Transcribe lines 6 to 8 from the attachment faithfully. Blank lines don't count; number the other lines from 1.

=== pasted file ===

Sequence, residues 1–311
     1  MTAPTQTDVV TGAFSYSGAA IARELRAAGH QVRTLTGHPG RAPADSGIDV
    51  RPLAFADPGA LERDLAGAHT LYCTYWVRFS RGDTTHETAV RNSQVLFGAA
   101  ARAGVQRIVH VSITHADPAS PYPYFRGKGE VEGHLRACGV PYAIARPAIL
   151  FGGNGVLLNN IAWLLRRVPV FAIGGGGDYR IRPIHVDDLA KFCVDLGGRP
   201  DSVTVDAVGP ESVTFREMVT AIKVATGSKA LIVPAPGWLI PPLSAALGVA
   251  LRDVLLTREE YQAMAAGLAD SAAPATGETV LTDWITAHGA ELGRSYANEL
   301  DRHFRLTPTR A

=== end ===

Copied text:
   201  DSVTVDAVGP ESVTFREMVT AIKVATGSKA LIVPAPGWLI PPLSAALGVA
   251  LRDVLLTREE YQAMAAGLAD SAAPATGETV LTDWITAHGA ELGRSYANEL
   301  DRHFRLTPTR A